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Working on a Computer Vision project? These code chunks will help you !!!

Last Updated on November 27, 2022 by Editorial Team

Author(s): Chinmay Bhalerao

Originally published on Towards AI the World’s Leading AI and Technology News and Media Company. If you are building an AI-related product or service, we invite you to consider becoming an AI sponsor. At Towards AI, we help scale AI and technology startups. Let us help you unleash your technology to the masses.

Working on a Computer Vision Project? These Code Chunks Will Help You !!!

An introduction to a few “used to” methods in a computer vision project

Computer vision projects [Source]

“VR and AR will eventually converge, and smart glasses will take over our digital interactions.”― Carlos López (Founder @ Oarsis)

The amazing thing about working in Computer vision and machine learning is that after every few years, somebody invents something crazy that makes you totally reconsider what's possible!!!

The World got a new eye & new way of thinking and tracking objects since the emergence of Computer vision algorithms. Starting from Region-Based Convolutional Neural Networks [RCNN] to YOLO V7, detectron-2, segformer, and classification architectures, computer vision changed drastically for higher efficiency of detection and higher latency with less requirement of time and computational expensiveness.

A computer vision project is a combination of many things, from data collection to successful deployment. Understanding data and the right processing and training is the key to success. Below are a few code chunks with descriptions of their work that will ease your working on the project.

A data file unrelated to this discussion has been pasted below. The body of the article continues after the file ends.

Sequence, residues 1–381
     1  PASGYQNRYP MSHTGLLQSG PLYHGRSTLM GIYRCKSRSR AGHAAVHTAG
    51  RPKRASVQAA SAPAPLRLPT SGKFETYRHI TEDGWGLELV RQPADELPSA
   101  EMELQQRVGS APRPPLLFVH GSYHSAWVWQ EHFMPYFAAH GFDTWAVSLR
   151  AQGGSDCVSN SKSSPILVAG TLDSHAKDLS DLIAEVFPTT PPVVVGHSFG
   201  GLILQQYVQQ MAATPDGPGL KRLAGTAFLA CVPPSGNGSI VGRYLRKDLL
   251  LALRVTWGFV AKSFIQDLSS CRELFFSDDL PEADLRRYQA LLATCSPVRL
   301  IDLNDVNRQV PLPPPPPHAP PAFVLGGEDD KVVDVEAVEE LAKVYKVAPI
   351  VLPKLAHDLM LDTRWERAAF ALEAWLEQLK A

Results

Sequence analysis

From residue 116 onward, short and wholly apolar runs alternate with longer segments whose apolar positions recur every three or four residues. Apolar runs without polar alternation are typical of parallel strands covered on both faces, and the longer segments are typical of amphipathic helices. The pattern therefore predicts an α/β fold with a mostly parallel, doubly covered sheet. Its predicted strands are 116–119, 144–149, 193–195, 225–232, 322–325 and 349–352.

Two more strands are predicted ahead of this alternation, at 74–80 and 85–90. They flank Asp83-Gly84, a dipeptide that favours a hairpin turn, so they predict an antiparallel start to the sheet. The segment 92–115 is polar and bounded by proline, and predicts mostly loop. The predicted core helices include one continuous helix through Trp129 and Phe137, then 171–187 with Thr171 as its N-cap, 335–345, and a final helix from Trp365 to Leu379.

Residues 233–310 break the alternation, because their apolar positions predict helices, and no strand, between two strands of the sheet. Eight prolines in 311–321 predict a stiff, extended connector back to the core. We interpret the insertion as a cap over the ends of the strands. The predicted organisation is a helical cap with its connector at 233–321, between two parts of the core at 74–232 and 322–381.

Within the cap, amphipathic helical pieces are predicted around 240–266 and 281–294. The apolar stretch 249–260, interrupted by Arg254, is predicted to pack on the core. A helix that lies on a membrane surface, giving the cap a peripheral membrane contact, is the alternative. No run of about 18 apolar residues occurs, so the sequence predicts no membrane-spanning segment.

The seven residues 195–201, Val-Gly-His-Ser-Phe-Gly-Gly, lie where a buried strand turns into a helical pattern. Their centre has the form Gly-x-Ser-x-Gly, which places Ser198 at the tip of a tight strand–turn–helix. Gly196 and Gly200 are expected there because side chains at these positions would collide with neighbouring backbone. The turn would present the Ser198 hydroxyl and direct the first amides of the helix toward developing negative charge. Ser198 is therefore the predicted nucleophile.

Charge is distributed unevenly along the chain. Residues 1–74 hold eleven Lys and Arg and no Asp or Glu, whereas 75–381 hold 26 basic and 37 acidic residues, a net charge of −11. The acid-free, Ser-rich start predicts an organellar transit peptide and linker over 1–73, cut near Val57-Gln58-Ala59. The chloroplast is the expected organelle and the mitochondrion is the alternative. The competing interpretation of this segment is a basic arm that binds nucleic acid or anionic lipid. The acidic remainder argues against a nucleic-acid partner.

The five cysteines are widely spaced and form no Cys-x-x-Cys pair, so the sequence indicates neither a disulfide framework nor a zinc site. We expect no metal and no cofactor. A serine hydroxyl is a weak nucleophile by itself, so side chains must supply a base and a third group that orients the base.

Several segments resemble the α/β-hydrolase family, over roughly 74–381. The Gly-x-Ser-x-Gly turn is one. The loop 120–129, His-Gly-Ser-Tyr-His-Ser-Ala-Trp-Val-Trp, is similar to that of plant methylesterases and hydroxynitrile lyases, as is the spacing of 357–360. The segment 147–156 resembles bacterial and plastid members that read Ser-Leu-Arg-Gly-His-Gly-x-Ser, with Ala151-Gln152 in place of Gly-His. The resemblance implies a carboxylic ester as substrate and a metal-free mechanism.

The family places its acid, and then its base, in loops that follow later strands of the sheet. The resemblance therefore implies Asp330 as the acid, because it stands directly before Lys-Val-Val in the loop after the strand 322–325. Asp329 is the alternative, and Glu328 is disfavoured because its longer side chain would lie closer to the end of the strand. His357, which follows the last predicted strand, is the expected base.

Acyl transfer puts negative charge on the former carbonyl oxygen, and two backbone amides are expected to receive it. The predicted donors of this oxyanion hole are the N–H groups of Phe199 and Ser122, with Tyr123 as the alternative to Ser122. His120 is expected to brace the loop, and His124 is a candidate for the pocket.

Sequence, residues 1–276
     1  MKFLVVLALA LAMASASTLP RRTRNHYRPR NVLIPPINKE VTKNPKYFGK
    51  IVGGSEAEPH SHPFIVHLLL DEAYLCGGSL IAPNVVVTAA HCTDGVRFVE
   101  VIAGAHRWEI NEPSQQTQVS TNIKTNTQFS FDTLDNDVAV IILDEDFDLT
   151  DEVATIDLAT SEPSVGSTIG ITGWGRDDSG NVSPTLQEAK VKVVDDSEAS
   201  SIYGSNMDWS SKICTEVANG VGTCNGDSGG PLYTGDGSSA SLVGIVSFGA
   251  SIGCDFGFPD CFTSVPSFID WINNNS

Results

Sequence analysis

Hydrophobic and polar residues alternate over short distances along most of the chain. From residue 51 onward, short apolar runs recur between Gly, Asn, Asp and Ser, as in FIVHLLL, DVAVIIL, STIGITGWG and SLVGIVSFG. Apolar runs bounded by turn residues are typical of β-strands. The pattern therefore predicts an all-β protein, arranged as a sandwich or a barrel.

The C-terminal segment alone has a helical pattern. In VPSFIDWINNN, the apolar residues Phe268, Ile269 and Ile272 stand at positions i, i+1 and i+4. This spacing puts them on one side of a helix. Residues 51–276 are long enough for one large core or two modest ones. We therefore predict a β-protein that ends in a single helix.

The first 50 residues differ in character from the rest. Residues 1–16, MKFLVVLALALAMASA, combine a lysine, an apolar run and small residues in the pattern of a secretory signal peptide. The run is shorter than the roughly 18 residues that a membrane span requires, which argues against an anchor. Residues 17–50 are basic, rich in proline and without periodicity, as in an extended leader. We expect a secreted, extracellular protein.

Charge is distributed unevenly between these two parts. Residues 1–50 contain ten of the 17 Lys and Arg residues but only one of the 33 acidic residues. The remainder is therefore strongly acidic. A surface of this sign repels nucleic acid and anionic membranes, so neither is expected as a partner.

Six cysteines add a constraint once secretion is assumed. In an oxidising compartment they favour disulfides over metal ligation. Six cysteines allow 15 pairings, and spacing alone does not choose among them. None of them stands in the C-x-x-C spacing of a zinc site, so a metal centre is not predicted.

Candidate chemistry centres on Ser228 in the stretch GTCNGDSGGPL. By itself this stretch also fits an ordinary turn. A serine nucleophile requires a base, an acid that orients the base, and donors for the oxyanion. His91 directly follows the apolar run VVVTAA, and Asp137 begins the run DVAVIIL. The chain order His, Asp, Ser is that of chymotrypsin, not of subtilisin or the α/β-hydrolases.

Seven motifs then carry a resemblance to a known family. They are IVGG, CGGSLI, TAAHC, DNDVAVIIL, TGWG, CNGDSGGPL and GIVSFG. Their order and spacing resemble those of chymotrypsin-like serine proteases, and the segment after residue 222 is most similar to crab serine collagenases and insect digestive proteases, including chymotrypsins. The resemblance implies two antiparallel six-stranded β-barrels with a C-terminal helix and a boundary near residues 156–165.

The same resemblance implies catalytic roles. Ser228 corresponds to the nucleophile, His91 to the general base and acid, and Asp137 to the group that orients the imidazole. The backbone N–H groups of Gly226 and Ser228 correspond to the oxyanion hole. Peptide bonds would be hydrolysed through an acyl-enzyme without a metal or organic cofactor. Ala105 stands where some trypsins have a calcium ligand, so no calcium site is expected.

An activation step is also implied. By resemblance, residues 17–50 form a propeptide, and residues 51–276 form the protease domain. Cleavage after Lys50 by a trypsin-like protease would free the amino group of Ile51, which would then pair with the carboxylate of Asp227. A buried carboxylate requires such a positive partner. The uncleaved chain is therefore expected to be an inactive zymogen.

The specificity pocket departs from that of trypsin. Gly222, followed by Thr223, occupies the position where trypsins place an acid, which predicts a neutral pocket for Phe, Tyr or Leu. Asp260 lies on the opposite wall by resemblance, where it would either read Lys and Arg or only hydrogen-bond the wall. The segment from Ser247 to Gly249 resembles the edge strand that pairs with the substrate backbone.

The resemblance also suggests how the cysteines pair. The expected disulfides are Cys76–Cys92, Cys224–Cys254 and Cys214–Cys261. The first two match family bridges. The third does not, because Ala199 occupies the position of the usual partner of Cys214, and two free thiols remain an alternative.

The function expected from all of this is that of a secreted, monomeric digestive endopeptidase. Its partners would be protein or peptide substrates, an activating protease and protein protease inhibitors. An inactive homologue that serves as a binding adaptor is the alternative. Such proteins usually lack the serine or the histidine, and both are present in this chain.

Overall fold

1. Know your dataset’s instances

for the object detection or segmentation project, we annotate our dataset with the help of external annotation tools like, VGG annotator, LableIMG, etc.

Example of an imbalance dataset in object detection [Image Source]

We know the exact number of images, but it's hard to know how many instances of each class we have. Knowing instances of the class will tell you if your dataset is imbalanced or not. It will have a deep impact on the learning model if your instances are not balanced. So after downloading annotated dataset and its annotation file, you can use the following chunk of code to see the class balance status.

import os
#Give path of folder in which you stored images and annotations
path = r"Your dataset *folder* location"
# Change the directory to path
# Spinning through all files
for file in os.listdir():
# Checking for text annotation file
if file.endswith(".txt"):
file_path = f"{path}\{file}"
with open(file_path, 'r') as f:
for line in f:
#to count instances
from collections import Counter
Image by Author

You can see, at last, the counter gives instance values for each class, and then on your model criteria, you can decide if the dataset needs further balancing or not.

2. Preprocessing of images

In our image dataset, other than class instances, we have many other objects/things. If we take it for the learning purpose of the model, then these other items can be classified as noises. There are many use cases that claim that removing these noises and then sending them to the model for training improves the performance of the model. So how do preprocess images? See the below code.